REVIEW WRITTEN BY NATHAN LERNER
For 21st Century Media
“Planes: Fire and Rescue” is a sequel to the 2013 Pixar animated 3D film, which was simply titled as “Planes.”
Once again, the characters are crudely anthropomorphized airplanes, trucks, and other vehicles. Googly eyeballs are plastered on their windshields, while expressive, oversized mouths appear below.
In “Planes,” Dusty Crophopper (Dane Cook) started out being a crop-dusting airplane, mired in obscurity. He gained celebrity status by winning an around the world race.
As the sequel opens, he is preparing to race again. However, while flying, Dusty encounters difficulties and nearly crashes. Ace mechanic, Dottie (Teri Hatcher) determines that his gear box is deteriorating and must be replaced. Alas, efforts to ferret out a compatible substitute prove futile. The necessary part is so old, it is no longer being manufactured. As a consequence, Dusty’s career in international racing comes to an abrupt halt.
What will Dusty do now that he can no longer race? It turns out that Propwash Junction, where Dusty is based, requires a certified fire-fighting vehicle to augment senescent fire-truck, Mayday (Hal Holbrook). Otherwise, the facility will be shut down by government bureaucrats. After discussing the matter with Mayday, Dusty decides to find purpose as a retrofitted aerial fire-fighter.
Dusty joins the Piston Peak Air attack team as a trainee. He is under the supervision of the leader of the Smokejumpers, hard-nosed Blade Runner (Ed Harris). Dusty’s new sidekicks include the flirtatious Lil’ Dipper (Juie Bowen); heavy-lift helicopter, Windlifter (Wes Studi); and former military transport, Cabbie McHale (Dale Dye).
Of course, a forest fire eventually erupts and threatens a nearby tourist facility. Its crass operator, a luxury SUV, not so subtly named Cad (John Michael Huggins) adamantly rejects suggestions that the venue be evacuated for safety reasons. Even this unsympathetic character is presented as being more officious than venal.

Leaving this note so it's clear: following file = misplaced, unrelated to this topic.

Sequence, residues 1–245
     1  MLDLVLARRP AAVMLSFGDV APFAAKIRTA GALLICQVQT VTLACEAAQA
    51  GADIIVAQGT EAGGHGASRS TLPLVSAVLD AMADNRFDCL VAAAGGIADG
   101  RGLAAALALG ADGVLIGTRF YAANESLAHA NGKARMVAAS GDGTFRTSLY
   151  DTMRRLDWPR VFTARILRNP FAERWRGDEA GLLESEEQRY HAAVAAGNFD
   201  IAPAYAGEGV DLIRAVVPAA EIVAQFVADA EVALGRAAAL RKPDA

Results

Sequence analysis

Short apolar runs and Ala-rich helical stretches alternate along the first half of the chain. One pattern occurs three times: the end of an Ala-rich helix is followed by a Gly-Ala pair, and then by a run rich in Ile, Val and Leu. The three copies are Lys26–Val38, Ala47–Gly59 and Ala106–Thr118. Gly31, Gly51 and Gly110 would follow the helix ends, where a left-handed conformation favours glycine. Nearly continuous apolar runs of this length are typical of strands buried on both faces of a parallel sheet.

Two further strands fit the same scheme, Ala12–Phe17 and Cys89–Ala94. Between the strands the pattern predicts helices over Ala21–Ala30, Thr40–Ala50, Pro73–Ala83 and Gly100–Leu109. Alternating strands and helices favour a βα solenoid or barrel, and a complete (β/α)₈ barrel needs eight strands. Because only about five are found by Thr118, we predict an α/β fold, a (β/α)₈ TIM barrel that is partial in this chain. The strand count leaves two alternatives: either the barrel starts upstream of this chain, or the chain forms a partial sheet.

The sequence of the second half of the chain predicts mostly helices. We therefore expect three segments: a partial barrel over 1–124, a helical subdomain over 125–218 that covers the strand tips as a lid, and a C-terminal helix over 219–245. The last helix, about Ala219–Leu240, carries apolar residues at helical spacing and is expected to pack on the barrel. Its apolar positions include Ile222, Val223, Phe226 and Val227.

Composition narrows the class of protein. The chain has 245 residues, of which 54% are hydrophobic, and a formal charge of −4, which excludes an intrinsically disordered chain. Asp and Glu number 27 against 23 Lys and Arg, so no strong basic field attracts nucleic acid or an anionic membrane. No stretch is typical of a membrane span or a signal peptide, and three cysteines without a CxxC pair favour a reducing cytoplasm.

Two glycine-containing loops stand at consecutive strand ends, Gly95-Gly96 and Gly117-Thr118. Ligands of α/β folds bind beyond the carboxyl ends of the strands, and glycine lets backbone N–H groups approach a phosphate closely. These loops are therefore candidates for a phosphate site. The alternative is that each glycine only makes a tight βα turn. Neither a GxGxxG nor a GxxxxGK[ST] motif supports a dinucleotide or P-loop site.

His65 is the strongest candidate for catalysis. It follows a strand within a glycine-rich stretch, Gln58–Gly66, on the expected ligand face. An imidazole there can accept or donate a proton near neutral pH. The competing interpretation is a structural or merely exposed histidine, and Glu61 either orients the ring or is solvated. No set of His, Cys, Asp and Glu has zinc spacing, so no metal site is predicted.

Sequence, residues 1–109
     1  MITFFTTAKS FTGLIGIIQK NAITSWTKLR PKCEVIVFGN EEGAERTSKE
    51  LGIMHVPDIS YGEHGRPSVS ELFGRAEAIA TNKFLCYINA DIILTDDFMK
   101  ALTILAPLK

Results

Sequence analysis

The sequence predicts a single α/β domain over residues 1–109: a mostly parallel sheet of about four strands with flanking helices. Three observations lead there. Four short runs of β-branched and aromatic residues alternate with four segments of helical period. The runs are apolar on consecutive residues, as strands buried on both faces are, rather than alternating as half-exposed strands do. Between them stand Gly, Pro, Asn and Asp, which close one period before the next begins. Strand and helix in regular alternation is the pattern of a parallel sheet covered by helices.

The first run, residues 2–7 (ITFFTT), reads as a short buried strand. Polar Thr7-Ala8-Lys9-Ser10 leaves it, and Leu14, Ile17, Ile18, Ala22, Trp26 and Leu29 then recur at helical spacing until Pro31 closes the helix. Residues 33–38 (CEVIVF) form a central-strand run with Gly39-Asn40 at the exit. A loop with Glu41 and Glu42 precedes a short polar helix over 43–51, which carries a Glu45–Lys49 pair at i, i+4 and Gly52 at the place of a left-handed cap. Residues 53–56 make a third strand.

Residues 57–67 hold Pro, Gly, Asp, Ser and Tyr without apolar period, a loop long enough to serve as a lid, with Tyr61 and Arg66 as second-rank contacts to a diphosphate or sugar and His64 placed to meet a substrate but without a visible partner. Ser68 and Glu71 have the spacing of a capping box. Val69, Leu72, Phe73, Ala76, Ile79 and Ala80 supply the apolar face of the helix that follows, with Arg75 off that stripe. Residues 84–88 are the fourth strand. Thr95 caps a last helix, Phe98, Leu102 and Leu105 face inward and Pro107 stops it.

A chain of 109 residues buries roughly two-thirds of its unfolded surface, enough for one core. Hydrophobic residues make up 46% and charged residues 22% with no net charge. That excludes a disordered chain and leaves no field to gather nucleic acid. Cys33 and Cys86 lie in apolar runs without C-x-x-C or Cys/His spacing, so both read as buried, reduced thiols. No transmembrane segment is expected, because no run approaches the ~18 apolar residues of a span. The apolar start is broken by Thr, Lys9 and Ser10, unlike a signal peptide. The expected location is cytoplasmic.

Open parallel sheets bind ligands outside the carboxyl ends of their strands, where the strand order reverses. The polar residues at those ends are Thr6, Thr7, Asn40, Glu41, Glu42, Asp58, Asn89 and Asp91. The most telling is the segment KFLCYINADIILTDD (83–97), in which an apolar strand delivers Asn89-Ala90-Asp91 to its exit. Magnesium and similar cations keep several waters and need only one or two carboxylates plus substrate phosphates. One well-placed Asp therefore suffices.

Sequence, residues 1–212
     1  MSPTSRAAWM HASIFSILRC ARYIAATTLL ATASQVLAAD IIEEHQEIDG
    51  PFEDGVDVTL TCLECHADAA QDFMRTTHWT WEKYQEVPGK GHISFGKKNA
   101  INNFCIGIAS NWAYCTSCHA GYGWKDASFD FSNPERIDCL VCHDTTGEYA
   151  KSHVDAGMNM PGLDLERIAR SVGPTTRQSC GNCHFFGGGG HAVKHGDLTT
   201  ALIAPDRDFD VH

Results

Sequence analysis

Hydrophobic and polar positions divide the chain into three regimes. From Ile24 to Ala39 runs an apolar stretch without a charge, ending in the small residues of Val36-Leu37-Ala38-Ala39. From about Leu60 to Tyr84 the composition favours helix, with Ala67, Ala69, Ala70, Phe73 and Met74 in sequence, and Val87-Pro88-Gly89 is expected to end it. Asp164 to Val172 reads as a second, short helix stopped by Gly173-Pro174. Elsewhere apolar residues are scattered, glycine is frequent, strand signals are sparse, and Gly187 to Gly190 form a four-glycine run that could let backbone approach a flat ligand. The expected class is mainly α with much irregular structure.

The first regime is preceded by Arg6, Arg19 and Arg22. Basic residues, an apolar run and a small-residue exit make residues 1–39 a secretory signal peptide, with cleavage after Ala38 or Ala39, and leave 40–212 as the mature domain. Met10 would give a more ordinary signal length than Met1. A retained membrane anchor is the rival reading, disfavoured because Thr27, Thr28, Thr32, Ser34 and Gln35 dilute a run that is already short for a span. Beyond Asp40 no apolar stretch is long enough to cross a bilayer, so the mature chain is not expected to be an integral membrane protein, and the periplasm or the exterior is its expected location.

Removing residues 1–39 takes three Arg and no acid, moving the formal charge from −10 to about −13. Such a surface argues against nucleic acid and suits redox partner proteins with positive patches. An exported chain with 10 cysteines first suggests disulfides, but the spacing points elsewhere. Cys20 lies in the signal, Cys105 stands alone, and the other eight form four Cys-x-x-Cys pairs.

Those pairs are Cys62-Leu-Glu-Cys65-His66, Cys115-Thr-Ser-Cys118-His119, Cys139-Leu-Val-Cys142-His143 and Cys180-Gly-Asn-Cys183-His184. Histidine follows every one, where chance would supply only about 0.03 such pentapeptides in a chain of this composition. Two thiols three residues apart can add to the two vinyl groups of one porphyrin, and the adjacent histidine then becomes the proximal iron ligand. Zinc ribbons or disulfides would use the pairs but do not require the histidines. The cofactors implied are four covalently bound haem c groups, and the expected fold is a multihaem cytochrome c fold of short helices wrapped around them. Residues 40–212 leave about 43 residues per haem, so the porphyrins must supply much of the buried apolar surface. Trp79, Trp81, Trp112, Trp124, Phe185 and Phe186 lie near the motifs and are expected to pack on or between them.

The depiction of the raging fire and the efforts to battle it provide the most visually arresting scenes in this film. How will Dusty acquit himself in this new role as a firefighter?
The film pays tribute to the traditional value of perseverance in the face of adversity. This is epitomized by a moment in which Blade Runner reflects, “Life doesn’t always go the way you want it to.”
Throughout the film, the score by Mark Mancina is augmented by several songs. The film’s theme and another tune is performed by county crooner, Brad Paisley. It also includes “Muskrat Love” by Captain & Tennille and “Thunderstruck” by AC/DC. These performers will be familiar to the parents of the kids in the audience. However, they will have little if any resonance to the actual target demographic.
Pixar launched in 1995 with “Toy Story,” the first in the beloved trilogy. Subsequently, they were responsible for such critically acclaimed and commercially successful films as “The Incredibles,” “Finding Nemo,” “Ratatouille,” “WALL-E,” “Up,” “Brave,” along with “Monsters, inc.” and its sequel. Over the years, the studio has garnered 27 Academy Awards, 7 Golden Globes, and 11 Grammys. Their pedigree was tarnished by the release of “Cars” and “Cars 2.” “Planes” and this sequel are part of this talking vehicles subgenre. The quartet are of a decidedly lesser quality.
Like its precursor, “Planes: Fire and Rescue” is a lightweight film, whose appeal will be limited to pre-schoolers and slightly older children in the earliest stages of grade school.
The film’s abbreviated running time includes seven minutes of end credits. If you subtract this padding, the actual running time is a mere 76 minutes.
The simple concepts and brisk pacing make this a suitable film to introduce young children to the theatrical experience. Otherwise, “Planes: Fire and Rescue” is a lackluster, albeit altogether harmless, affair.
“Planes: Fire and Rescue”
**1/2 PG (for action and some peril) 83 minutes
Nathan Lerner sees over 200 feature films a year. He welcomes feedback at